Then suddenly he was exultant. “We’ll get married!” It was simple, so clear. “We’ll turn this into something to celebrate. We’ll make it alright, Maud, you’ll see.” He was almost gabbling now. “There should only be a month or so before my next leave – ”
She interrupted him. “It doesn’t make a blind bit of difference. My life has already been ruined,” she said in a whisper. Her words deflated him and he knew what was coming next. “What about my work?” she hissed. “You know I don’t want a family, or not yet anyway. And everything is going so well – Harry told me that I could play the lead next month.”
The words tumbled out in spurts, while tears started to roll down her cheeks. He, now feeling unequal to the situation, tried to swab them away with his thumb.
“You don’t understand me at all, do you?” she said, knowing her words would cut him.
If he was entirely honest with himself, he wasn’t sure that he did. He could understand the glamour of the stage and the excitement it afforded her, but didn’t every woman dream about becoming a wife and a mother? It hadn’t taken long to realise that she was the girl for him – only her fierce and unnatural independence had made him wary of broaching the subject of matrimony. But he dismissed these thoughts, concentrating all of his being on soothing her.
“You mustn’t say that. I know it’s hard for you, but it will get better. When this bloody war is over, I’ll finish my degree and get a good job – I’ll have prospects. And then later, you can carry on with your acting.” He looked beseechingly at her and felt enormous relief as she smiled weakly.
“Yes, you’re right,” she managed, her passion spent.
“What are you going to do now? Are you going to go home?” he asked, anxious to settle practical details while she seemed more amenable.
“Well, I’ll carry on working for as long as I can. I’m catching the train home tonight for a few days – I’ll tell my parents that we are engaged to be married – shall I? Mummy would be horrified if she ever found out the truth. I doubt she would ever forgive me. Oh God, I’m so ashamed!” Maud covered her face with her hands.
“Sweetheart, it will be fine,” he said anxiously. “You just tell them that we are going to get married and we’ll have a ring on your finger before anyone knows any different. These things happen all the time, Maud. Would you like me to speak to your father?”
Maud sat up alarmed. “No, no, not yet. I’ll need to talk to him first. Of course they are over the moon at the moment because Audrey’s pregnant again.” She said this with some bitterness.
“Again? Gor blimey, they don’t waste any time!”
“Neither do we, it seems,” Maud replied tartly.
He decided not to risk a smile. Instead, he hung his head, waiting for Maud to set the tone.
“Oh poor darling,” she said, touching his cheek. “I’m so glad I’ve told you now. It felt horrible before when only I knew.” She looked at her wristwatch. “Oh no, you have to go,” she added regretfully.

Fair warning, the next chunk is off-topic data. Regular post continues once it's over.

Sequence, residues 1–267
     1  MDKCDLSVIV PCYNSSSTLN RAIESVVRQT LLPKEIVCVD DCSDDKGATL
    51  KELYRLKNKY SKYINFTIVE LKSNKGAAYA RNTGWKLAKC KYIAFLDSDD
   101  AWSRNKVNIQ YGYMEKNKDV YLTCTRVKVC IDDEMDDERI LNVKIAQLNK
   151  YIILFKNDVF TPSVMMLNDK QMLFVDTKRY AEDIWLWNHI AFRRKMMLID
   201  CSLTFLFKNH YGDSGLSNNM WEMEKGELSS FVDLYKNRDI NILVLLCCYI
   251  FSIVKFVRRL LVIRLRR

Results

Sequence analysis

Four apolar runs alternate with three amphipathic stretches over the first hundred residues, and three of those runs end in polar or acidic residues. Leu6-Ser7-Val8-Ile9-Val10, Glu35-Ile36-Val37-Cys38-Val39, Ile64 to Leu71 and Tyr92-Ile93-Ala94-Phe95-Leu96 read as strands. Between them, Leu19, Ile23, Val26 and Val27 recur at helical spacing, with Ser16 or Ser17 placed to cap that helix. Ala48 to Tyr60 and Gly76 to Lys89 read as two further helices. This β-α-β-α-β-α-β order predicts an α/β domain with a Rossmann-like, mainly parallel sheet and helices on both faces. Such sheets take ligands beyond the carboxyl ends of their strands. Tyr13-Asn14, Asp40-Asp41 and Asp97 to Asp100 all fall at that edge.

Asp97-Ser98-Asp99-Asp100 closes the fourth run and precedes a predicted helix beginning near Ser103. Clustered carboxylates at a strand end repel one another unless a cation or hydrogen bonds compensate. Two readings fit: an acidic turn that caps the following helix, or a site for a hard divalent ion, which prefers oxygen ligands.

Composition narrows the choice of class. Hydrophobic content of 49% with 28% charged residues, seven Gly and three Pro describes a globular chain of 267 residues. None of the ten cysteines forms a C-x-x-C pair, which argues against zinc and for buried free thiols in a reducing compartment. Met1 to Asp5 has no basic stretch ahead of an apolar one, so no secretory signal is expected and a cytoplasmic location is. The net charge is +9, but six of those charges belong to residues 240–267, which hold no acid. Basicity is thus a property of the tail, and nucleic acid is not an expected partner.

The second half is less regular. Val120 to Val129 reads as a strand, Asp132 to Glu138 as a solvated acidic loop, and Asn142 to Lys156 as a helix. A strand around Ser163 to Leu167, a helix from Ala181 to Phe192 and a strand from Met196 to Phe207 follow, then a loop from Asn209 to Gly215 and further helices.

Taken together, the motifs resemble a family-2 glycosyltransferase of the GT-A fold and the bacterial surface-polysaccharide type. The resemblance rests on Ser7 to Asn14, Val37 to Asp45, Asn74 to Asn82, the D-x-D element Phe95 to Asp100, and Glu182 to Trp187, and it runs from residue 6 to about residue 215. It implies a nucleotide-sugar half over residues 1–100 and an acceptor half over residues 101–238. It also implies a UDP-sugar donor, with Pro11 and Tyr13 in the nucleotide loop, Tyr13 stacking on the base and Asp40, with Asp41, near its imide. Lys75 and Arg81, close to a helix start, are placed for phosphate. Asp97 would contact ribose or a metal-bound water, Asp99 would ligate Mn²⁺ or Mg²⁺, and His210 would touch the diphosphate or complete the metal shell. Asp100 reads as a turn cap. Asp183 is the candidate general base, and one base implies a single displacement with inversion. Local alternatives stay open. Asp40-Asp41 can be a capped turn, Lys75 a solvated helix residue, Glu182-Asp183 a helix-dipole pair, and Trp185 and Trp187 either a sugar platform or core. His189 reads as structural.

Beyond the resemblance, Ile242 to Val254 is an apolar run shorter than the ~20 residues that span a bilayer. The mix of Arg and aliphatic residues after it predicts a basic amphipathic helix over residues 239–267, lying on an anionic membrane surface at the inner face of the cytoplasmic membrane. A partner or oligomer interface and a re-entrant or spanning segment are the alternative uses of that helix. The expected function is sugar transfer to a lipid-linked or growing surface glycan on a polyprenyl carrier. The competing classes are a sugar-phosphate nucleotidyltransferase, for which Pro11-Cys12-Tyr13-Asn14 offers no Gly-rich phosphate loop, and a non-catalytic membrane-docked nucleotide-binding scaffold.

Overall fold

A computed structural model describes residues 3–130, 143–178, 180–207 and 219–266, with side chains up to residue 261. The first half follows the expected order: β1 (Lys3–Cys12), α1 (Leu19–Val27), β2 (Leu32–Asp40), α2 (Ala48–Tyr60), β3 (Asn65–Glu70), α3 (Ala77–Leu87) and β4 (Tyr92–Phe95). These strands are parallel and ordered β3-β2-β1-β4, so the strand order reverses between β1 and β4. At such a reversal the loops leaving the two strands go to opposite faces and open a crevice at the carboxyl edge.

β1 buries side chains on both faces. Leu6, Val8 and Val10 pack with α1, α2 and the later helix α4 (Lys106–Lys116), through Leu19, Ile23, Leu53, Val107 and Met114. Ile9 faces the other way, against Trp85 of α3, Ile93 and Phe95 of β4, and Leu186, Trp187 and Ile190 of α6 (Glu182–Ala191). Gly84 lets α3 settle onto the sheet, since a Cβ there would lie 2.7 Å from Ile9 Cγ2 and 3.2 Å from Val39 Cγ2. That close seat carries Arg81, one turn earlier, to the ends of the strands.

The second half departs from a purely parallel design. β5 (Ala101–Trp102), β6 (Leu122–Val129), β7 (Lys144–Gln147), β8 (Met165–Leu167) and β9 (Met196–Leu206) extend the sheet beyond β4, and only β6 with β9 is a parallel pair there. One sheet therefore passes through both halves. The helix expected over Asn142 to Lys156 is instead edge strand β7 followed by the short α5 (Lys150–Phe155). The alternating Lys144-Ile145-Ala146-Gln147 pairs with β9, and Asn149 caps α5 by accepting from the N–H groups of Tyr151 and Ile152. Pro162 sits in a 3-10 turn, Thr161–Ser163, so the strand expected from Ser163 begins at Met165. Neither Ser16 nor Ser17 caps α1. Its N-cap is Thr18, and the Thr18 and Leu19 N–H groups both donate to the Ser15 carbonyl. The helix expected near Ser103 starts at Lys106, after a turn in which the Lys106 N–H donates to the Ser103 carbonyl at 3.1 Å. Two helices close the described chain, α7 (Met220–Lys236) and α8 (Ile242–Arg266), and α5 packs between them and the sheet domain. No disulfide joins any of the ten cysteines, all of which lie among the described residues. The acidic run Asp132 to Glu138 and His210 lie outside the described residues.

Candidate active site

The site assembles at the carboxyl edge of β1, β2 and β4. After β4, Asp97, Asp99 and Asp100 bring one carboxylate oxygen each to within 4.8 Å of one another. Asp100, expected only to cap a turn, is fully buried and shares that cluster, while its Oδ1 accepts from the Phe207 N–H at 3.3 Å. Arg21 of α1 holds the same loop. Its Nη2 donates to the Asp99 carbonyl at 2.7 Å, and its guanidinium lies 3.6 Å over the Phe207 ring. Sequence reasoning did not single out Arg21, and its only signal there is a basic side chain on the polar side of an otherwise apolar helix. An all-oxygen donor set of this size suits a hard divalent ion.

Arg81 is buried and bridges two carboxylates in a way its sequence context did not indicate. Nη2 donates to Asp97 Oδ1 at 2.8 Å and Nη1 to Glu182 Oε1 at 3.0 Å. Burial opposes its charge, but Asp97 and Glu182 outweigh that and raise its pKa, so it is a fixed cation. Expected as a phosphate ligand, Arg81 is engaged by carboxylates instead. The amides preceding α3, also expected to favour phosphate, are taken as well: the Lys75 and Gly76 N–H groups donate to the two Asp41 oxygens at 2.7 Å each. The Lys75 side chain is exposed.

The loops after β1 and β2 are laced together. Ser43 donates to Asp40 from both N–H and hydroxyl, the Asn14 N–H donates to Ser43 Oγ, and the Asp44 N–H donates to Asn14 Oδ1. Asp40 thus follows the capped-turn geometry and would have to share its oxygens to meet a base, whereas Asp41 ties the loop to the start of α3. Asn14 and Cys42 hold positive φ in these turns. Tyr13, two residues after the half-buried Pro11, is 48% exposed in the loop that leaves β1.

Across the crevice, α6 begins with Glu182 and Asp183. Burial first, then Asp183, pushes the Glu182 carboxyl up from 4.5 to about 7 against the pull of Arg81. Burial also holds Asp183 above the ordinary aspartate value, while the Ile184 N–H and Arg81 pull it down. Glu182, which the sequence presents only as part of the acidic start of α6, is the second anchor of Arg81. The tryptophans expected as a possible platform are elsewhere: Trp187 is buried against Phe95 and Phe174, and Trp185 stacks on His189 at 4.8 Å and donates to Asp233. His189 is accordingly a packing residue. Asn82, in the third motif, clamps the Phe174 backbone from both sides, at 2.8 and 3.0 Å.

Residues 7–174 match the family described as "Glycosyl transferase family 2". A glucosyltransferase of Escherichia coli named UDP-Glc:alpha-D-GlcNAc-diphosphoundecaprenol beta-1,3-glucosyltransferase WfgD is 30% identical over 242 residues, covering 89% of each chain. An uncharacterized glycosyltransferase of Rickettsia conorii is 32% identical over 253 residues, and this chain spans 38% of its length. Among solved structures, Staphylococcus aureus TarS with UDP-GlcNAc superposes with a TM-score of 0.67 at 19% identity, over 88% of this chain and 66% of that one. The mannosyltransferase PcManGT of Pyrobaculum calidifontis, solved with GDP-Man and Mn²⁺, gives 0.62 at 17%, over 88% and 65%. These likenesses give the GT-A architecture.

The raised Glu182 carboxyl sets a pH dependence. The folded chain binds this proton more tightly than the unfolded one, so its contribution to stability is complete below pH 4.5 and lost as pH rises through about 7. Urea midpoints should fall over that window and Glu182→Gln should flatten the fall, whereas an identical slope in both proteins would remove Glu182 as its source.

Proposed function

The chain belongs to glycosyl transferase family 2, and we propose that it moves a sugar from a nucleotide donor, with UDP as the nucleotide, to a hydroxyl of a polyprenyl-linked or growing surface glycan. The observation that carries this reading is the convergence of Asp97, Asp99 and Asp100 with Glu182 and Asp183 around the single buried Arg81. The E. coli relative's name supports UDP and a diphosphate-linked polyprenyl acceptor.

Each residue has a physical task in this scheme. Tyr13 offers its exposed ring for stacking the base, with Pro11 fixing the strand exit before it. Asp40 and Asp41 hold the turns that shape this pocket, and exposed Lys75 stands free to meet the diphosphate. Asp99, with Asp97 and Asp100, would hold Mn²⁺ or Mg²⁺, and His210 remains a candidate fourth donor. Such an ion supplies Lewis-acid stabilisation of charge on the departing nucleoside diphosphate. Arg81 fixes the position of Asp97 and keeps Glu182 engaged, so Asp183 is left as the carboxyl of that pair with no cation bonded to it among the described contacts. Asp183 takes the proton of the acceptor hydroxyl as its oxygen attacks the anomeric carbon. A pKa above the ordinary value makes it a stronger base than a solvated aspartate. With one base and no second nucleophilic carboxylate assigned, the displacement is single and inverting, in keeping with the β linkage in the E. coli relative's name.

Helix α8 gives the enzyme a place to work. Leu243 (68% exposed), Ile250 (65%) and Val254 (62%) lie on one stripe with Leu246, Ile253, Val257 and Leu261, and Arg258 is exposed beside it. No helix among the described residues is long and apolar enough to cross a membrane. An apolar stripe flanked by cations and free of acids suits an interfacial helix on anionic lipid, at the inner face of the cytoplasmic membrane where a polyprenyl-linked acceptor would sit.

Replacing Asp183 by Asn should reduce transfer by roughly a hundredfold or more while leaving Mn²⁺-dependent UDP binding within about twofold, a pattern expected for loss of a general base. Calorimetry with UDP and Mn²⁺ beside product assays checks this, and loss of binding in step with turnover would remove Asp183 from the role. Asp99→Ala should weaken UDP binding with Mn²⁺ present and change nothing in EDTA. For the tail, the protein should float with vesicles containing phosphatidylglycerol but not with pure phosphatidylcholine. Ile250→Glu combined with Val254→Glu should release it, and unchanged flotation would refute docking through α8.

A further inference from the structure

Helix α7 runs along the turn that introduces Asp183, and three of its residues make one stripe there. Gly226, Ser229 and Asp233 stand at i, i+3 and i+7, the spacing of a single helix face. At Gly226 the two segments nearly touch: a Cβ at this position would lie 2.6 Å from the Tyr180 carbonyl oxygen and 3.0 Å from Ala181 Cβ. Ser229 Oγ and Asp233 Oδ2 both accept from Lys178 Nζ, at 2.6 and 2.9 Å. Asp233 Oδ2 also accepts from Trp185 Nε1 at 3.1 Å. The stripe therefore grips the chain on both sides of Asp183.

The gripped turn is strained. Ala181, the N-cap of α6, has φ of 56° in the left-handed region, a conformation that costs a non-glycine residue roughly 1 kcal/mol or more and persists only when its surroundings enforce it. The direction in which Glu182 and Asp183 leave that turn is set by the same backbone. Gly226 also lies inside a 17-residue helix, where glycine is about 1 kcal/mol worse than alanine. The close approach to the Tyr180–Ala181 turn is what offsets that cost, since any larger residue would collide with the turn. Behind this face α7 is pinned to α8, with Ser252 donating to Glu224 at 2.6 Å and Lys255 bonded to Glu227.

He snapped upright in his chair as he registered the time. “Will you look after yourself? You have to eat properly Maud!” She looked evasive. “As soon as we have sorted this out, you’ll be allowed orange juice and cod liver oil in your ration.”
“How do you know that?”
“There’s a chap at the barracks and his Missus is pregnant. He says she’s allowed orange juice whenever it’s available.” 
After laying some money down on the table, he reluctantly began to slide out of the booth. On straightening his legs, he reached into his pocket. “Oh, I almost forgot. This is for you.”
He handed her a book in a brown paper bag. She pulled out The Works of Tennyson, bound in brown leather with gold lettering, and read the inscription on the flysheet. “Charm and beauty alone give me more happiness than good poetry.”
“I’ll treasure it,” she said, looking up at him. “When will we see each again?” she added plaintively.
“In less than a month,” he said, with more conviction than he felt.
“What about those rumours that they might be sending you to sea again?”
“I’ve heard nothing definite,” he replied, guarded. “Now you’ll let me know how your parents take the news. And make sure you tell them we’re eager to be married as soon as we can.”
“Yes darling.”
After he had left her, she reached inside her handbag for her compact. Licking her handkerchief, she rubbed away the sooty traces of mascara around her eyes. For a while longer, she sat there, her eyes fixed in thought, her fingers riffling idly through the pages of the book. Then, with sudden resolve, she snapped her compact shut and reached for her gloves. With the book clasped close to her chest, she passed back through the doors at the front of the shop and stepped outside into the smog-thick air.


"I absolutely loved this book and will miss the family that I became so involved with over the past few days. I hope Emma has another book in the pipeline!" 
-- Annabel at CountryWives 

I welcome reviews of my book on Amazon!